Without leadership involvement, you can’t possibly understand the company’s data value, most crucial systems, and greatest threats. How often do IT staffers know how much down time can be absorbed or how much data can be lost before shareholder value is impacted?
Sure, IT has an opinion, but to deliver risk, your process must look more like a Business Impact Analysis Report than a typical Vulnerability Assessment.
Here’s the thing. When the assessment is free, you’re in control. What does that mean?
Since no one is paying you, you have the right (and authority) to proceed according to your recommended approach. If you’re wrong, you’ll pay for it on the back end. If the client balks, you can always stop the process. It’s free, so you’re in control. Do it right, and business will follow (along with profits).
When money changes hands, the buyer is in control. If they want you to submit questions and take their written answers (without any face time), it’s their choice.
Since all sales have an emotional component, you know that face time is important to any high-involvement sale…even if that face time is virtual. There has to be trust and advice to be a trusted advisor. And that requires interaction with those making the decisions.
The final analysis – in the SMB market, lead with free assessments almost every time. The $500 to $2500 price tag on SMB assessments leaves no budget for IT services, and will take months to close.
In the enterprise, carefully weigh the risks, and what factors must be present to take on the risk of assessing pro bono. If the cards are stacked against you, go with the fee based, and sell them on the high-ticket approach to ensure your profits are worth doing the deal. Remember, you need asset-owner involvement to justify any assessment worth doing at this level.
Every Assessment Should Be Ongoing Business – Here’s Two Ways To Create Annuity Business
The biggest upside in both free and paid assessments is in the ongoing annuity business.
There are two ways to create annuity business with assessments (and maybe more that I haven’t thought of).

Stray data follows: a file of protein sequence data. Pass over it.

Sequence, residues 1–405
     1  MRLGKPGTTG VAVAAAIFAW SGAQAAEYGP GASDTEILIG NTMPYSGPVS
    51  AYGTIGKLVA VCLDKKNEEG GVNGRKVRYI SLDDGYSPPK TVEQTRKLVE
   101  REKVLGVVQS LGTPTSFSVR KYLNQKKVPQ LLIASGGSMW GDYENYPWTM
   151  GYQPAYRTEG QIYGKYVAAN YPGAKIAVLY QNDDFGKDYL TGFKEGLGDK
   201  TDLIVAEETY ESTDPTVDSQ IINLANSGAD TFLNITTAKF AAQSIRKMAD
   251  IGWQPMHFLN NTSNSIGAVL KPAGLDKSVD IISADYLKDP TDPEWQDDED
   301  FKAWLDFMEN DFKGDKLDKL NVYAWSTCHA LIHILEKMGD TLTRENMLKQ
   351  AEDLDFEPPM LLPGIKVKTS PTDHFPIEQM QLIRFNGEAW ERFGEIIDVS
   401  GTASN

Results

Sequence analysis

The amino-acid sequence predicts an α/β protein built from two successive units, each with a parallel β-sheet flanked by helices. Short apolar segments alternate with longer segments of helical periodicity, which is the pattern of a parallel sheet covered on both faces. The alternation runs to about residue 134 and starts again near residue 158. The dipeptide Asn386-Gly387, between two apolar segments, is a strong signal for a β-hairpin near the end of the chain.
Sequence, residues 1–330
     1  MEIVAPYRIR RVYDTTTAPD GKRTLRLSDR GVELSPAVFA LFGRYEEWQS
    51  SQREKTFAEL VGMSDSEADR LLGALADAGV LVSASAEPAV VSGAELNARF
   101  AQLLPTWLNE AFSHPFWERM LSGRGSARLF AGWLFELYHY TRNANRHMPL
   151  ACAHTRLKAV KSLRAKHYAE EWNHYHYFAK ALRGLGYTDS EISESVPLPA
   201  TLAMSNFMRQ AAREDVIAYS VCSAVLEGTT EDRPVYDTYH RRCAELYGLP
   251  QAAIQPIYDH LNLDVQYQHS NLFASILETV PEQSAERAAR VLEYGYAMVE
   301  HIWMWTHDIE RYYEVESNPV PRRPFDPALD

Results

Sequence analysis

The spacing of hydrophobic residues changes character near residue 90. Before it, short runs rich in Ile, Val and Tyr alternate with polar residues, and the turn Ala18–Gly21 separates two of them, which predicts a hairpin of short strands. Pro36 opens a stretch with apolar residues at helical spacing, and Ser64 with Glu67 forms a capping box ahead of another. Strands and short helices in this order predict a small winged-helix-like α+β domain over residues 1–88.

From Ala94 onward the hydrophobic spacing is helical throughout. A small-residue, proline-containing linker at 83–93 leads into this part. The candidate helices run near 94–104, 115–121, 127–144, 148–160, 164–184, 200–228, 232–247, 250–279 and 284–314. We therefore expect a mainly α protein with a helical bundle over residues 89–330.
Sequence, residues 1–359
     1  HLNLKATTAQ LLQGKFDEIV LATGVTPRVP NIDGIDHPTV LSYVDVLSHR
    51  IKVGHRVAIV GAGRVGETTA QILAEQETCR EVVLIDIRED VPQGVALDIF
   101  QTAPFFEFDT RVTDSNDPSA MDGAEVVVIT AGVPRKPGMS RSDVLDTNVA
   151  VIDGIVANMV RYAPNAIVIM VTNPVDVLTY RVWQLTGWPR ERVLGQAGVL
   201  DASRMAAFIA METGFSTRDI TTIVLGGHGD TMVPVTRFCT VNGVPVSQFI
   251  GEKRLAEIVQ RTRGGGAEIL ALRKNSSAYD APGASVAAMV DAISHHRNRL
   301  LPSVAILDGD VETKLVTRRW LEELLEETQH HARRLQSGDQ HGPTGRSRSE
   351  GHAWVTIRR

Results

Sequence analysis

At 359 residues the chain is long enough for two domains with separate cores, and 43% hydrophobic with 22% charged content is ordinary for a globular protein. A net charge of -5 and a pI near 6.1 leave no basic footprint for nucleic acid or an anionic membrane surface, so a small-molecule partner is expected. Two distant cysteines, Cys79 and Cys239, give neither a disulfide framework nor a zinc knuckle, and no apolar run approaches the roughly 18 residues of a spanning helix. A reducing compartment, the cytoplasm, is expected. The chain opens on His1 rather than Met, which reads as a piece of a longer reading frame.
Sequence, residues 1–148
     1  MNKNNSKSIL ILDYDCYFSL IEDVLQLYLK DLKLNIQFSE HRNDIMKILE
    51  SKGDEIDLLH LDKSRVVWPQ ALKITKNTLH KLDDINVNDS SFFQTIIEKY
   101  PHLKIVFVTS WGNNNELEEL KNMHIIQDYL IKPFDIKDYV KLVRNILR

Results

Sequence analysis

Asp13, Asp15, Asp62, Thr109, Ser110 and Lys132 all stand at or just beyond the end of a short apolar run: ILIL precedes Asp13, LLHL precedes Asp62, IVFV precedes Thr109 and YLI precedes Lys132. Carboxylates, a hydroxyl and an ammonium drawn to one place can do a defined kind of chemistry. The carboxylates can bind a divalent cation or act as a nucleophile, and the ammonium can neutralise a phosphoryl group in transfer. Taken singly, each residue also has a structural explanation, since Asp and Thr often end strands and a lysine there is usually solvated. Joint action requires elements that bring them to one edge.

First, let’s look at the theory. Risk is a measure of impact vs. likelihood. You can’t affect impact; losing data or suffering downtime is going to cost the company, no matter how secure the company is.
Your variable is in likelihood. Solid security lowers likelihood (however, even GREAT security does not eliminate threats).
The assessment identifies (at least it should) the threats, and provides a measure of likelihood. Remediation is the process of reducing the likelihood to an acceptable level.
Managed services or MSSP, is your program designed to maintain an acceptable level of risk over a period of time – your long term annuity engagement.
So the first way to sell ongoing business through assessments is to demonstrate an organization’s unacceptable level of exposure, provide a way to reduce it.
And then show them how to maintain it by contracting with you to oversee, or detect and respond to issues as they arise.
The second way, generally better geared for enterprise accounts, and using fee based assessments, is to sell a quarterly update.
Keeping the same scope, and simply updating the document quarterly, can provide tremendous value to the client that houses sensitive data.
Two up-sells come with the ongoing assessment approach. First, you’ll get a quarterly opportunity to check in on your recommended remediation steps. Over time, and given you are providing value, your client is likely to engage you to keep working on your recommendations as threats grow.
Second, the scope is likely to change over time as new IT initiatives invite you to consider added systems as part of your analysis. One additional bonus, you’ll be up on all your client’s latest planned initiatives since new projects always affect the client’s security risk analysis.
Going forward, add this quarterly update with just enough money to cover your added cost (in other words, do it at break even). It adds value, costs you nothing, and offers great upside.
© David Stelzl, CISSP